With all these reforms, what are your targets, especially with access to electricity?

We do have targets enshrined in the National Development Plan III (NDP III). We targeted by 2030 to have achieved universal access; that is 100 per cent electrifica­tion for the existing population.

And in terms of the intermediate milestones, we targeted that by 2025 we should have clocked 60 per cent electrification in line with the NDP. So, we have even revised our targets to reset this 60 per cent to 80 per cent, given the current electrifica­tion rate of 57 per cent.

We are structuring new funding of $630 million, which will contribute to meeting the set electrifica­tion target. This is going to help us accelerate grid expansion and last mile connection. So, the target is to achieve universal access by 2030.

We have just completed our National Electrification Strategy that indicates that for the country to achieve universal access to electricity, we need to invest about $4 bil­lion not just in the distribution network, but also in transmission, which is quite significant.

That is why we opened it up [to private players] to be able to attract private financing to supplement the public funding.

Bateebe and MEMD Minister Ruth Nankabirwa touring the Jacobsen thermal power plant in Namanve

Turning to the oil industry, when should we expect the financial close for Uganda’s oil proj­ect, especially the crude oil pipeline, and why has it taken so long?

When the final investment decision (FID) was taken in February this year, the different entities in the upstream and the EACOP committed that they will do whatever it takes to make sure that funding is available for the project.

Typically, from the FID, within six months, one should be able to achieve financial close. Discus­sions on financing of the project are progressing well and the target of first oil in 2025 should be met.

We continue to address the neg­ative publicity on the oil and gas projects. The project has ensured compliance in terms of environment, human rights and social protection. We continuously clarify that comprehensive ESIAs have been un­dertaken and where there is a risk, the mitiga­tions as approved by NEMA will be implemented.

We continue to clarify on the role of the oil and gas project in achieving our energy transition/integra­tion goals including production of LPG, to substitute usage of biomass.

There are some local service providers who are worried of missing out on some jobs in the oil industry. Is this something that concerns you?

We have put in place a clear policy and laws to promote national content. We have gone ahead to ringfence a number of services for local compa­nies.

Efforts have also been made to ensure the lo­cal companies strengthen their competences to meet the requirements of the sub-sector through skilling and stakeholder engagement.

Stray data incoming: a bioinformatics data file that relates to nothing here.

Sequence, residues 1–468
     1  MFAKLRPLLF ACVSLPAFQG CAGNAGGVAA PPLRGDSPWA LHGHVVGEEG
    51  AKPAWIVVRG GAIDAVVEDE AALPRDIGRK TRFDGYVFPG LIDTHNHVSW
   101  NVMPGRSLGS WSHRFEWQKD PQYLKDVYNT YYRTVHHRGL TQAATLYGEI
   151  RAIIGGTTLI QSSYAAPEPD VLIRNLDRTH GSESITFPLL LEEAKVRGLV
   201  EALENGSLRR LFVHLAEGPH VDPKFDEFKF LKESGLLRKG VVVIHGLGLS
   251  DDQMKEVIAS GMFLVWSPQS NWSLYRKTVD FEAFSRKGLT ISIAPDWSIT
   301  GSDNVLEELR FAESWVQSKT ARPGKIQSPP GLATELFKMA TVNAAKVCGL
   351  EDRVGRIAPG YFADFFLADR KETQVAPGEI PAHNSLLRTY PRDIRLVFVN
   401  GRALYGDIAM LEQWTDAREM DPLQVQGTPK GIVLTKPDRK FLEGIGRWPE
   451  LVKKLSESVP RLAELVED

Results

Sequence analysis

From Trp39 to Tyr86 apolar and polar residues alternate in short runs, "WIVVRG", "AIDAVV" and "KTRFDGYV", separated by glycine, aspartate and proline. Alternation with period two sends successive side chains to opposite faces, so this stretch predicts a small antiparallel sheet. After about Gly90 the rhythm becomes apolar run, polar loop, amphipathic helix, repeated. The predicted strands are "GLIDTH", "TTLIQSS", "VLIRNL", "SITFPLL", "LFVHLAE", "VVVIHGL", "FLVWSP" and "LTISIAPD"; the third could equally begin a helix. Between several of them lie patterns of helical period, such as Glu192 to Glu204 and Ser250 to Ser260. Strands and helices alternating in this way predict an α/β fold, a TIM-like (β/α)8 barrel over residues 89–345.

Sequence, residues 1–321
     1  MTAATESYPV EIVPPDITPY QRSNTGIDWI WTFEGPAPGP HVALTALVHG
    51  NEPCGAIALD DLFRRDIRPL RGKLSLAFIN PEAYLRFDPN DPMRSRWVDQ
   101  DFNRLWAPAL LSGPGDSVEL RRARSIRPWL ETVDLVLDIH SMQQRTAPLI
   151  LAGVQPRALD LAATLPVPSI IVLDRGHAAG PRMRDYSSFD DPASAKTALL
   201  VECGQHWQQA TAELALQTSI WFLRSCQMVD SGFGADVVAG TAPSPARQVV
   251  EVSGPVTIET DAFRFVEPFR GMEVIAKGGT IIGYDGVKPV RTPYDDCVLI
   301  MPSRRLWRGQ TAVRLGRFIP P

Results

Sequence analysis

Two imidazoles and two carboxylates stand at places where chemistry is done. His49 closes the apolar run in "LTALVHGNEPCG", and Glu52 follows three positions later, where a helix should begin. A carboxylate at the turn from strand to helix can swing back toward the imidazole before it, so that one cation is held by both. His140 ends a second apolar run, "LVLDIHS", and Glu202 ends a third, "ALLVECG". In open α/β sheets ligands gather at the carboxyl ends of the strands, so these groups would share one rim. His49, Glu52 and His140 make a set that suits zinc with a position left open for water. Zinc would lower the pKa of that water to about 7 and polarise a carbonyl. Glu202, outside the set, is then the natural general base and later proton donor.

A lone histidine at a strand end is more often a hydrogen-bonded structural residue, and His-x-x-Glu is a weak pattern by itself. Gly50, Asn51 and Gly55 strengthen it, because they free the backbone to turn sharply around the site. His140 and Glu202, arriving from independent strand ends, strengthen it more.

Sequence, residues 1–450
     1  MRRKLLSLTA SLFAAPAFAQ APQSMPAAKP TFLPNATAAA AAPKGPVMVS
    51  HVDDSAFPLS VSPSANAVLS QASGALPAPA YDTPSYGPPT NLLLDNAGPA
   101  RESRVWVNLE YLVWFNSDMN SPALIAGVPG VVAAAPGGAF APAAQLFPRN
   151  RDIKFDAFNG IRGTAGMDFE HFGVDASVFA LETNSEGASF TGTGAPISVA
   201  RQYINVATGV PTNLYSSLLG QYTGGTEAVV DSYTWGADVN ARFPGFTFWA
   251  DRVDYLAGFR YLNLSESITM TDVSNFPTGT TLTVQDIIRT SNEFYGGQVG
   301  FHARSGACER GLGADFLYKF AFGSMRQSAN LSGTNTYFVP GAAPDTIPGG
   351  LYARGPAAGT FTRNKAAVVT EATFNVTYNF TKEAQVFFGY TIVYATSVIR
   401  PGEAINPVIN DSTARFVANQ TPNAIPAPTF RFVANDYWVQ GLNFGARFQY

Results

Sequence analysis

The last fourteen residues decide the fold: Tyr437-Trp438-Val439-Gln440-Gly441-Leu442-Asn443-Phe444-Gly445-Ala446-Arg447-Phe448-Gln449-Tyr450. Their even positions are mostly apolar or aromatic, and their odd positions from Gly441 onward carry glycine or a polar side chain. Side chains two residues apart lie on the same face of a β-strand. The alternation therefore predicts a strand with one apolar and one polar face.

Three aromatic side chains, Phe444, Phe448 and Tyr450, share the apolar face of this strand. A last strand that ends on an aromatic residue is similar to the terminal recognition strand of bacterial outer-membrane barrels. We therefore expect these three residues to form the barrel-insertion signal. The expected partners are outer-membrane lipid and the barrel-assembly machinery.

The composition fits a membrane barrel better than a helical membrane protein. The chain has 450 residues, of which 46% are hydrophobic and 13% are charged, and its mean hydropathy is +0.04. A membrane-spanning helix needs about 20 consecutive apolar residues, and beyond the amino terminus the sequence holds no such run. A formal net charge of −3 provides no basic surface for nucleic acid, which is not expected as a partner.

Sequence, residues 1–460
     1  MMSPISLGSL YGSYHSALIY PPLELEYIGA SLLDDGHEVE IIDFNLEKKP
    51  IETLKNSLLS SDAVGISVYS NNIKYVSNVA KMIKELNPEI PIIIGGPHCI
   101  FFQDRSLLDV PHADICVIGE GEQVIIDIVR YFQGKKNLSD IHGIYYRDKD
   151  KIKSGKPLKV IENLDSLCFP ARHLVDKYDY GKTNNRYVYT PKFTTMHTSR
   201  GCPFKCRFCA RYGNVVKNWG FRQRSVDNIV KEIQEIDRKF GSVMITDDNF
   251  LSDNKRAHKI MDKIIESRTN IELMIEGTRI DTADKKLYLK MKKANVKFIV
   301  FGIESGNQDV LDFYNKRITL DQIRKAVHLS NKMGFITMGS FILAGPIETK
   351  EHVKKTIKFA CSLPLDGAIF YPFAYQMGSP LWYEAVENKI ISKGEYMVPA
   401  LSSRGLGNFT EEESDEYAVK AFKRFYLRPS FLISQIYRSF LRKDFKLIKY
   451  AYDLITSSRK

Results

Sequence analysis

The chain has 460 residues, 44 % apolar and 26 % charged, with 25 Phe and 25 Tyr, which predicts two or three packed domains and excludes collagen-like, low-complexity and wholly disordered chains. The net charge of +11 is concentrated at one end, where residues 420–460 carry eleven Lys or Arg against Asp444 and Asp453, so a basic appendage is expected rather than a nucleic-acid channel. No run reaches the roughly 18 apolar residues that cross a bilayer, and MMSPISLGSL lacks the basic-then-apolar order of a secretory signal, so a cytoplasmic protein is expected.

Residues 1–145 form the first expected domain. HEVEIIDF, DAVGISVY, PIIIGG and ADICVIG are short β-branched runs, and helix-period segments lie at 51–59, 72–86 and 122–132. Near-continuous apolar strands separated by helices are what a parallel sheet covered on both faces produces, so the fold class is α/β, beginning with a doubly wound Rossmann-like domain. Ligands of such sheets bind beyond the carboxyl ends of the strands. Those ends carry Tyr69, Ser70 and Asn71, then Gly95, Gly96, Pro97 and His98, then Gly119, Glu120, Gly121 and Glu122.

We en­courage companies to participate where they are most competent both technically and financially. The oil companies are required to advertise for all the opportunities to ensure transparency in the selection process.

Where companies are aggrieved in the different pro­curements, we do have a redress mechanism working with the Petroleum Authority of Uganda.

How far are you in creating a local content oil fund to help Ugandan companies access cheaper cap­ital and competitively participate in the sector?

The local content fund emanated from the National Content Policy. The way it is designed, a portion of it will be drawn from contrac­tors, and where possible government of Uganda will provide some seed capital.

There has been internal discussion and the Ministry of Finance has guid­ed us on how we should proceed on the fund. We are preparing to submit the Local Content Fund Bill to Cabinet for consideration.

The developments in the Kilembe bidding process, the Wagagai gold project and the rare earths elements projects in Makuutu point to a recover­ing mining industry. However, grumblings over the unprocessed minerals exports ban continue. How would you assess the minerals and mining indus­try so far?

The three mining projects are changing the mining landscape of Uganda. We believe the new Min­ing and Mineral Act will go a long way in supporting the development of the projects.

We want to ensure the projects progress smooth­ly to the next stages.

Just recently, we attended public hearings in Bugweri, where the Makuutu rare earths project is situated to support Rwenzori Rare Metals (RMM) and IonicRE address issues related to obtaining land rights from the affected persons.

(L-R) Nankabirwa, RRM Chairman Richard Kaijuka, RRM CEO Warren Tregurtha and Bateebe at the public hearings in Bugweri

It is important that all the mining investors get a social license with the locals so that their projects can coexist with the host communities.

Wagagai is also doing tremendous work on the gold front. Their mine needs a dedicated electric­ity line so that the operations go on unhindered; and we are in the process of ensuring this is addressed.

The development of Kilembe Mines is equally key given the appreciating global prices of copper and cobalt.

Together with the Ministry of Finance, we are undertaking a selection process for a developer for the mine. We expect to select a robust, financially capable and reputable company that will progress the project.

We are also hoping that a solution will be found for the phosphates project in Sukulu, Tororo. We have been engaging at the highest level with China (where the investor comes from) to have all the issues resolved.

As regards the embargo on the export of raw minerals, this policy direction is meant to ensure value addition in order to retain value in country. We are working with the different licenses for them to appreciate this policy direction.

There is an ongoing review of the different licenses to understand the implications of the ban. The affected companies will subsequently be en­gaged to address their concerns.


This interview first appeared in our sister publication the Deep Earth Wrapper for August 2022.

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Deep Earth International critically examines developments in the extractive and energy sectors in Uganda and the wider East African region. Drawing from the vast experience of its founders who have each covered and written about these sectors for at least fifteen years, this website is the go-to platform for anyone seeking to get a better understanding of the same.